2. Weigh relatively not absolutely!
One of the most painful and hardest things to evaluate in theory debates is power-tagged, misinterpreted weighing. Take the classic example of plans good/bad. Many of you have probably heard the argument in favor of plans that depth is better than breadth because it’s better to understand one topic fully than to touch upon a lot of issues and not comprehend any of them. Many of you have also probably heard the counter saying that its better to talk about multiple issues than just one because soon talking about that one issue will remain repetitive. And at the end of the day, assuming those are the only two arguments made, your RFD comes down to depth versus breadth, without a clear mechanism to adjudicate between the two.
Presumably, no debater really has 100% strength of link to a standard. For instance, if you say your opponent’s position is unpredictable, you probably don’t mean that the position was completely unpredictable, just that you would’ve had to do significantly more work to predict it. Similarly, when debaters complain about losing ground, they complain about losing some amount of ground, not access to every single argument possible. So if our abuse claims are not absolute, why should our weighing be? Why should we weigh standards such as ground and predictability as if one debater completely controlled access to one and the other debater access to the other when they obviously don’t?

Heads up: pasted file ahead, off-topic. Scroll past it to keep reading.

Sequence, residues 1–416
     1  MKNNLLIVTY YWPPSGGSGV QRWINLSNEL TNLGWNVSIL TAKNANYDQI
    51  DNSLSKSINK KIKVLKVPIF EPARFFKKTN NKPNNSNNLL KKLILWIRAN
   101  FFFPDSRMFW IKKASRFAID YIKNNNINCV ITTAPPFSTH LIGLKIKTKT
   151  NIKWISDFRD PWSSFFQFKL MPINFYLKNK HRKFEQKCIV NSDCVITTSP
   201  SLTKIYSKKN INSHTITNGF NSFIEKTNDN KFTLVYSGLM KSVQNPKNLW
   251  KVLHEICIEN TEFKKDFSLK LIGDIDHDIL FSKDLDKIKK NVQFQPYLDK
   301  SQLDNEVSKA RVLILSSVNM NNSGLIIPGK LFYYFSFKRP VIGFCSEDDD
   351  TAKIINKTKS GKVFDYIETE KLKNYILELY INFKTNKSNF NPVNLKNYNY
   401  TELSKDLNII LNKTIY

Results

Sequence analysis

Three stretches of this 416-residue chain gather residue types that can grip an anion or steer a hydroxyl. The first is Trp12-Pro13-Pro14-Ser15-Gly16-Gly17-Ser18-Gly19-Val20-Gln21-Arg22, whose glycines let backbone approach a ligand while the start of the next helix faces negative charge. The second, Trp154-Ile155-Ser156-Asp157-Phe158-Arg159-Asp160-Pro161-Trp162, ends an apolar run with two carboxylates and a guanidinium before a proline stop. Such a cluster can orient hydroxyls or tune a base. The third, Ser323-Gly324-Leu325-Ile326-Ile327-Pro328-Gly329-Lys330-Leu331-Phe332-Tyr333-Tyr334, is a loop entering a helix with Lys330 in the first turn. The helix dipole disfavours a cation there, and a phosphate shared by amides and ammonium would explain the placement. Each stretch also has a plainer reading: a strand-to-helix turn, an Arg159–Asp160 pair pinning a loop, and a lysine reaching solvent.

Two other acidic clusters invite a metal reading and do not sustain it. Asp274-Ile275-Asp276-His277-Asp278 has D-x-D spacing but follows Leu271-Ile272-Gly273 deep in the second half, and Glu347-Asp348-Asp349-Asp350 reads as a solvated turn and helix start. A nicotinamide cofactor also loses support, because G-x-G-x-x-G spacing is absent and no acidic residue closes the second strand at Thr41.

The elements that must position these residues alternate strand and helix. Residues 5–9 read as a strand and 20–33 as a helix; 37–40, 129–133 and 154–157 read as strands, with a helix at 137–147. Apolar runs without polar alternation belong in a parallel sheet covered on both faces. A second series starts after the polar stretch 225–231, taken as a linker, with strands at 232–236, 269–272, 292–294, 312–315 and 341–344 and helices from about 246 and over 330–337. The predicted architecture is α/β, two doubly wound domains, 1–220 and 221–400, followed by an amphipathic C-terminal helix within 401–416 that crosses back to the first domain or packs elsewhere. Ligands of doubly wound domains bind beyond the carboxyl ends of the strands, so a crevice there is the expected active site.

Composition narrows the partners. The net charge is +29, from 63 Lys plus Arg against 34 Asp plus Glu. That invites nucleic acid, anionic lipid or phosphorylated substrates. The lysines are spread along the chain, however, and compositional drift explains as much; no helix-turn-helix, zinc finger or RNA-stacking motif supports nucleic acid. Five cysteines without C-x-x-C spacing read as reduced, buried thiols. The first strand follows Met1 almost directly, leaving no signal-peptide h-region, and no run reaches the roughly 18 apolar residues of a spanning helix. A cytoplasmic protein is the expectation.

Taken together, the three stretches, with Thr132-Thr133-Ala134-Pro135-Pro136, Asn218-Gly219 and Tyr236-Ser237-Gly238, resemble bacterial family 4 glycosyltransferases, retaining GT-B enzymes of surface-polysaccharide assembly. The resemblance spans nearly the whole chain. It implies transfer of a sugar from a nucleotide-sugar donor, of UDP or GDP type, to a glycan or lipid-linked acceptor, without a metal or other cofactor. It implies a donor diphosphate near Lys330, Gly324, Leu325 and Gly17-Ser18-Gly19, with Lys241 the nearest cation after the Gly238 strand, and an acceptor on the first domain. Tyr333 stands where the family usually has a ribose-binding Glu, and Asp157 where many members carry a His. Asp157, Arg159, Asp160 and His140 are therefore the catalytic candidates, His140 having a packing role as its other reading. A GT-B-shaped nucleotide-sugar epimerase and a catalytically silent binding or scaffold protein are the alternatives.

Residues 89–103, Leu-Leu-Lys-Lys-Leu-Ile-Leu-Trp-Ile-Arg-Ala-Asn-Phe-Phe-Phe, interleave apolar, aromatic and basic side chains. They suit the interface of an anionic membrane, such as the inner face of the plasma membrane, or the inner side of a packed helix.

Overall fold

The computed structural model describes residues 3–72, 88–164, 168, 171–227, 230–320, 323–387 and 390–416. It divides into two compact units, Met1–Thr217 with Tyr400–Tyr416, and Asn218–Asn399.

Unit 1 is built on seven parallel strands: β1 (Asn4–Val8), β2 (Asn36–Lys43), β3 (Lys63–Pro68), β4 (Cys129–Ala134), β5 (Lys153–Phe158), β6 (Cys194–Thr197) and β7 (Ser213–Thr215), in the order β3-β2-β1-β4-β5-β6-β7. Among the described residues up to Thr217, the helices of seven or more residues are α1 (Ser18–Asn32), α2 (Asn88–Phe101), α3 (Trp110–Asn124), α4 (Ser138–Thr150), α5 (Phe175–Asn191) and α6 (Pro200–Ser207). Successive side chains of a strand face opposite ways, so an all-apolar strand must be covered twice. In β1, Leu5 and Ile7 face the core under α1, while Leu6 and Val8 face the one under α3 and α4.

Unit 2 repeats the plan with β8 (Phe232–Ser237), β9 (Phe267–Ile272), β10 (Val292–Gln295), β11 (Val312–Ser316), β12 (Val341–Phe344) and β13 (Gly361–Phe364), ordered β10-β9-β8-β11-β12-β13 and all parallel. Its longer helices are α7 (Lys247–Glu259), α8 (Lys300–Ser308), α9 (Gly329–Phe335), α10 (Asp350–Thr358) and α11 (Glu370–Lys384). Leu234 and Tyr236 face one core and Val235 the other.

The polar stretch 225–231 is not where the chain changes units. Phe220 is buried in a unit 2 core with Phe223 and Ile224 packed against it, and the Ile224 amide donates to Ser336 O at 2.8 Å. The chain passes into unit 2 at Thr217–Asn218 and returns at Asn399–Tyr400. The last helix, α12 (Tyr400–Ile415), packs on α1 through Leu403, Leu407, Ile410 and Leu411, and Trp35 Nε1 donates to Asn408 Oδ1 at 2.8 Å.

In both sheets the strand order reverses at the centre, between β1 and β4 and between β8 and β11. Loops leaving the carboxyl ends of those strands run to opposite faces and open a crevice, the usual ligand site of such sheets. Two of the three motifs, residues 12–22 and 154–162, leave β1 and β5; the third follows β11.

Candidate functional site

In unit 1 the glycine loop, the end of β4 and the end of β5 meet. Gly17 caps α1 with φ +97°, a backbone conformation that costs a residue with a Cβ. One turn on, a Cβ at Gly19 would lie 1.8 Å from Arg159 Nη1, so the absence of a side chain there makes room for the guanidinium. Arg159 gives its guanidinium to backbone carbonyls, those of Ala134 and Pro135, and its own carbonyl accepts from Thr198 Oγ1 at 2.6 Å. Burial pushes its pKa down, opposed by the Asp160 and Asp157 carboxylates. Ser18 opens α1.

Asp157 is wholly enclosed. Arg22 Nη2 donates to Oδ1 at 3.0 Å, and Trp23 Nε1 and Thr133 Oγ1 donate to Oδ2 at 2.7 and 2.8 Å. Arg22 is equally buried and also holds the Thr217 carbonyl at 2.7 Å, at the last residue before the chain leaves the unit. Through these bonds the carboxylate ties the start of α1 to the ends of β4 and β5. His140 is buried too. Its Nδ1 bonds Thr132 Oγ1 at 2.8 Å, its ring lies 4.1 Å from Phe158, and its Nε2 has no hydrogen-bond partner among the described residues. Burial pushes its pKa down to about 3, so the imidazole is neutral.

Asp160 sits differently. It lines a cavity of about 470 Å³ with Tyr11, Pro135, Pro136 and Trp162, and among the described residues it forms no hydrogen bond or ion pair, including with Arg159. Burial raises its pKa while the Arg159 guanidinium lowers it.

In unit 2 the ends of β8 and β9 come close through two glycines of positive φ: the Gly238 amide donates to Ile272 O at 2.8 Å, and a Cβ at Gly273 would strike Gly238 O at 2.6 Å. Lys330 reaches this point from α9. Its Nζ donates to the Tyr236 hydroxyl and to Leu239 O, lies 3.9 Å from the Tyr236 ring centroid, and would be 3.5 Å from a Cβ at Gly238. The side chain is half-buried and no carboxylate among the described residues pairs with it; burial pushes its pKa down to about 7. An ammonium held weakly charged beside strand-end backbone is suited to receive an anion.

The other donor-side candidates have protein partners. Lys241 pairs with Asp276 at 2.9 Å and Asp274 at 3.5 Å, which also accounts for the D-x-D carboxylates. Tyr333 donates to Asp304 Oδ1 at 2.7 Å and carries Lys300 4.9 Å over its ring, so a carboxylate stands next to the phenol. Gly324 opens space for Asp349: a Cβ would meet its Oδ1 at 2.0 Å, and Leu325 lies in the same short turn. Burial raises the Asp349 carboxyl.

Going back to the plans example, it seems much more logical if say, the plans debater, argued that not only did he have depth from discussion of the plan, he had breadth as well because the plan, albeit one issue, contained various sub-issues that could have been explored to provide breadth. Such weighing is much more nuanced, easier to resolve, and allows that debater to win off of depth, even if breadth is more important. How? Because strength of link determines size of impact and by proving he has some depth, he essentially undermined a sizable amount of his opponent’s strength of link to breadth. Just because one thing outweighs another doesn’t mean a tiny bit of that thing outweighs a lot of the other thing. For instance, a complete Ferrari are worth more than a Honda, but the same cannot be said for the steering wheel of a Ferrari.